NFL arbitration clauses at issue -- again.

Will a federal judge in New York reach a different conclusion?

In two recent posts, I discussed a Nevada state court’s denial of a motion by the National Football League to compel arbitration of a lawsuit brought by former Las Vegas Raiders head coach Jon Gruden. The first post examined the court’s seeming disregard for a body of case law upholding the authority of commissioners in sports to arbitrate disputes within their leagues. The second post explained how the NFL’s confusing arbitration provisions made its position challenging.

A little more than a month later, the NFL is getting another chance. In February, former Miami Dolphins head coach Brian Flores sued the NFL, the Dolphins, the New York Giants, and the Denver Broncos alleging racially discriminatory hiring policies and practices. Steve Wilks and Ray Horton, two other NFL coaches, joined Mr. Flores’ suit in in April.

On June 21, the NFL and the defendant clubs filed a motion in federal court in the Southern District of New York to compel arbitration. In its brief, the NFL makes the same arguments that it did in the Gruden case: first, that the plaintiff-coaches agreed to broad arbitration provisions, which require any dispute to be referred to the Commissioner; and second, that courts have historically deferred to sports leagues’ management of internal affairs.

Will the NFL do better this time?

The arbitration provisions

The NFL’s motion to compel is based on the coaches’ various employment agreements -- specifically, Mr. Flores’ 2019-24 agreement with the Dolphins, Mr. Flores’ 2016-18 agreement with the New England Patriots, Mr. Wilks’ 2018-22 agreement with the Arizona Cardinals, Mr. Wilks’ 2022-24 agreement with the Carolina Panthers, and Mr. Horton’s 2014-17 agreement with the Tennessee Titans.  The NFL contends these arbitration provisions are sufficiently broad to encompass all the claims against the NFL and any of its member clubs.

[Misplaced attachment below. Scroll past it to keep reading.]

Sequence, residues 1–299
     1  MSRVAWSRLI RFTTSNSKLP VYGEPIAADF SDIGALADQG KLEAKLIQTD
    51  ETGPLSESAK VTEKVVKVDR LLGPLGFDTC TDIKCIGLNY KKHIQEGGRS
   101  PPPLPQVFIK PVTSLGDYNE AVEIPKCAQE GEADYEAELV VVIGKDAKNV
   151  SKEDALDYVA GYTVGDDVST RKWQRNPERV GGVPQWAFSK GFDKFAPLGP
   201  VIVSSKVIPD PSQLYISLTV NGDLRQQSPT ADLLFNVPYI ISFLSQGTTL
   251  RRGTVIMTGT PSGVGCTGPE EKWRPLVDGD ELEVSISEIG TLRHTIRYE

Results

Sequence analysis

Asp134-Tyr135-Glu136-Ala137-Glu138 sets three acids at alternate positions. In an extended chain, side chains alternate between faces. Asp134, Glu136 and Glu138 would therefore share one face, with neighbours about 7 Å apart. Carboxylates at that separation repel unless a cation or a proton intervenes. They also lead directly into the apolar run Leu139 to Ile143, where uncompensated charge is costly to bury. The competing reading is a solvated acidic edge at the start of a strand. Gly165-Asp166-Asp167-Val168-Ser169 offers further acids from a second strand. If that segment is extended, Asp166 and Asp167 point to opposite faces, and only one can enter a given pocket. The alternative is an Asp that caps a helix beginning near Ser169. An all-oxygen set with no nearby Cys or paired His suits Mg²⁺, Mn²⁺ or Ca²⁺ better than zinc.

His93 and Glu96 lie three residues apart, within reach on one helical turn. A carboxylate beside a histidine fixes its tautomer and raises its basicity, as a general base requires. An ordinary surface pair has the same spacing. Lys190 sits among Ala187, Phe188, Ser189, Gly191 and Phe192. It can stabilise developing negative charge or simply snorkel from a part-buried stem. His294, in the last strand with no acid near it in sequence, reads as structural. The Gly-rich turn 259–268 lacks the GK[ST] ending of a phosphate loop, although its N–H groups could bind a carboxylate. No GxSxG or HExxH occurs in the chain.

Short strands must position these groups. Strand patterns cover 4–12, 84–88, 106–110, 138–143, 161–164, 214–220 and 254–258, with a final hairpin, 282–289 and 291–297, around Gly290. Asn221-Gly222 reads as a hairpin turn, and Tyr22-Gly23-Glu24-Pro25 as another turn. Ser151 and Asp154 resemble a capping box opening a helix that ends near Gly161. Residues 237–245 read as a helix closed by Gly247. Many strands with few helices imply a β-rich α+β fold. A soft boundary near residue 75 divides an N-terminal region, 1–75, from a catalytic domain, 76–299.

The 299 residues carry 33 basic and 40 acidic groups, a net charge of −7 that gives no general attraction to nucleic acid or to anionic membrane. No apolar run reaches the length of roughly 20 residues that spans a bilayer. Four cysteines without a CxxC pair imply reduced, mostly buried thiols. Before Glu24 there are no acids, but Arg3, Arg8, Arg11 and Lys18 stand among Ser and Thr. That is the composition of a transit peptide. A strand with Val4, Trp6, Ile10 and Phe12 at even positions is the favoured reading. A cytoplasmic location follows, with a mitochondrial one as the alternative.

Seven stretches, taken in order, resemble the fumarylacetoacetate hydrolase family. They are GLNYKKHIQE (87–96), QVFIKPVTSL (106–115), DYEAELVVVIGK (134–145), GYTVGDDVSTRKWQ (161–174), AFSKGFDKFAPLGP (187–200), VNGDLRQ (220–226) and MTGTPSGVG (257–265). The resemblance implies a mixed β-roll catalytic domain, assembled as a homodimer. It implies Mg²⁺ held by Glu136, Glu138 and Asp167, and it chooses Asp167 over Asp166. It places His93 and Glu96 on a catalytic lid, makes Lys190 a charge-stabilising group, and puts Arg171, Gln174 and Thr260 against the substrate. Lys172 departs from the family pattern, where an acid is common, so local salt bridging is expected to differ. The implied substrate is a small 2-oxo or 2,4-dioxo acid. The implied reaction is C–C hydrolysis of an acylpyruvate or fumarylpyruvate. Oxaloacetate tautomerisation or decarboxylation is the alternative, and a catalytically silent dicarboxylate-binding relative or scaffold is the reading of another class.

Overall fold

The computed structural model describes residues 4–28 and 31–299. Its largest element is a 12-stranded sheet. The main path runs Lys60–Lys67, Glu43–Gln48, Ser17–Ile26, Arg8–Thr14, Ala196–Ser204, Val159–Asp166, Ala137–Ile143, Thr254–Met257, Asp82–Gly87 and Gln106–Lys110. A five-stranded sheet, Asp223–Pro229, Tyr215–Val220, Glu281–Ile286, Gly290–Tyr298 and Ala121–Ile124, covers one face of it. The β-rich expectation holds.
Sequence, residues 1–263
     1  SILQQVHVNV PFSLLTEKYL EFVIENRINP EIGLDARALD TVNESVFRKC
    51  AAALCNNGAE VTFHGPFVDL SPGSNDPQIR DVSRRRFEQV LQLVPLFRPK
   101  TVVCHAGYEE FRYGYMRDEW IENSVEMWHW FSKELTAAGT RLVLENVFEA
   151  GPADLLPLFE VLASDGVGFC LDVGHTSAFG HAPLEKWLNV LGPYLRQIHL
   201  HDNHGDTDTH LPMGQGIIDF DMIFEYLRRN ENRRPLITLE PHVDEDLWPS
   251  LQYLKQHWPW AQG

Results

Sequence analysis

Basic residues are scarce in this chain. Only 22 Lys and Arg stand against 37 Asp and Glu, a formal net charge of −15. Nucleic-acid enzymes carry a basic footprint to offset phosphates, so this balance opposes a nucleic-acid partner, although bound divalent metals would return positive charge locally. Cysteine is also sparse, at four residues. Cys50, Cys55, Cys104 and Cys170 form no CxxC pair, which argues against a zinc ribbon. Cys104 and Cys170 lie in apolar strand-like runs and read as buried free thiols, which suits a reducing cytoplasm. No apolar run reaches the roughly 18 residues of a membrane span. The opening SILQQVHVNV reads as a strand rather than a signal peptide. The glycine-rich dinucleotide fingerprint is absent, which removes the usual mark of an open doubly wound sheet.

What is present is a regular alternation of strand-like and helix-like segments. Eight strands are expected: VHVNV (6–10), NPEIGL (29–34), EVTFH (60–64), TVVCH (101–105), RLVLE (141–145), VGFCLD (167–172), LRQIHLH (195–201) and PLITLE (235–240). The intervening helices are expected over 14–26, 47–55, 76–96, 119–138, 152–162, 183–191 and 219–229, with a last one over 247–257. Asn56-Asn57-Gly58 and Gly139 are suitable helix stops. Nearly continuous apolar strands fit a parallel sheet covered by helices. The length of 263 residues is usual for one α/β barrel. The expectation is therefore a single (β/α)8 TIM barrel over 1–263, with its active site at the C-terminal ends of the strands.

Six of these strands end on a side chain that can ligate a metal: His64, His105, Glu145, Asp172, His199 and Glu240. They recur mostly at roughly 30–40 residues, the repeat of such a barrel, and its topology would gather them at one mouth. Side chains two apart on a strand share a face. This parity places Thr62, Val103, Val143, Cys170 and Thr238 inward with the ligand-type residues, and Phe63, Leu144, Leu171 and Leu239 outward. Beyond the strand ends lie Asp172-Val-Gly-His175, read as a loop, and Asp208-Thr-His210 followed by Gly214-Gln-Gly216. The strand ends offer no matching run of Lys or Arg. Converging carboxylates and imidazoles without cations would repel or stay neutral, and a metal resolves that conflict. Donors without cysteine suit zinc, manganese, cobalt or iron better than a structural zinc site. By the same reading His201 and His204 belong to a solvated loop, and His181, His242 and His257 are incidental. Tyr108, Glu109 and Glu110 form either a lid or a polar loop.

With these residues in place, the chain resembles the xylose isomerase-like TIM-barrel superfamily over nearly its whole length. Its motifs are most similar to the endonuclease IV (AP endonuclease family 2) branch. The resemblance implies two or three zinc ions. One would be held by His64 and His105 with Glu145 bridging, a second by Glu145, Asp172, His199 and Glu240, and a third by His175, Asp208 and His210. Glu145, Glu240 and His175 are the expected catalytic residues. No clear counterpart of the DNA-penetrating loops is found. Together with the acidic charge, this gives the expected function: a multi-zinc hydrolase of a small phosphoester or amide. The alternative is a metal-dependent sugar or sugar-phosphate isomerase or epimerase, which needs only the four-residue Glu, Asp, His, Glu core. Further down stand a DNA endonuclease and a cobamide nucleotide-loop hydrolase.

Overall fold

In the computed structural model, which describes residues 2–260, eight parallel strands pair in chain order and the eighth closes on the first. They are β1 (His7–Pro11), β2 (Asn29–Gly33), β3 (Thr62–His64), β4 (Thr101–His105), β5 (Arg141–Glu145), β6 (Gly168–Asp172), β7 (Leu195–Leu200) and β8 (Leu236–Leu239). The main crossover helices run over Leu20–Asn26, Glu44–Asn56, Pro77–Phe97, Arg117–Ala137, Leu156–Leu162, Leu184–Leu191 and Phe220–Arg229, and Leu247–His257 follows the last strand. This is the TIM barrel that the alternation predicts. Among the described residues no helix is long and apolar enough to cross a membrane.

The arbitration language from most of these agreements is available here.

Will the NFL succeed this time?

The NFL’s motion to compel arbitration in the Flores matter may suffer the same fate that it suffered in the Gruden case. The NFL lost its motion to compel in the Gruden case at least in part because the Nevada court determined that the arbitration provision covered only disputes between Mr. Gruden and the Raiders, not between Mr. Gruden and the NFL. The Flores, Wilks, and Horton arbitration agreements also all seem limited to disputes between the coach and the club. Mr. Wilks’ agreement with the Panthers does reference “the NFL,” but it is unclear whether it is referring to arbitration disputes with the NFL itself or only with the league’s “director[s], officer[s], employee[s] or agent[s].”

It is nonetheless possible that the court in the Flores matter will view more broadly the “arising from” language in the coaches’ arbitration agreements to also include disputes between the coaches and the NFL.

The venue is also important here. The Nevada state court did not address courts’ historical deference to leagues’ internal management and dispute resolution. Indeed, no Nevada court has ever addressed that issue. By contrast, the federal court in the Southern District of New York, in which the Flores case is pending, and the U.S. Court of Appeals for the Second Circuit, have an extensive body of case law.

In addition, in contrast to the Gruden case, three clubs have been sued in the Flores case – the Dolphins, the Giants, and the Broncos. It would seem difficult for Mr. Flores to escape his agreement to arbitrate any disputes with the Dolphins.  Yet, neither Mr. Flores, Mr. Wilks, nor Mr. Horton ever had an arbitration agreement with the Giants or Broncos. Thus, the Giants and Broncos are not well-positioned to compel arbitration if the NFL cannot prevail on its arguments that the relevant arbitration provisions should be interpreted broadly. But the case may become unwieldy if the claims against the Dolphins are sent to arbitration while the other claims remain in federal court. It is possible that the Dolphins might waive their right to arbitration to permit a more efficient defense.

The NFL can of course still prevail in the Flores action even if the case stays in court. But the league would certainly prefer to be in arbitration to avoid a public airing of the sensitive issues involved in the litigation.  Either way, as I explained in a prior post about Mr. Gruden’s case, it would be wise for the NFL to revisit – and broaden – the scope of its arbitration clauses.

Robin Shea has 30 years' experience in employment litigation, including Title VII and the Age Discrimination in Employment Act, the Americans with Disabilities Act (including the Amendments Act). 
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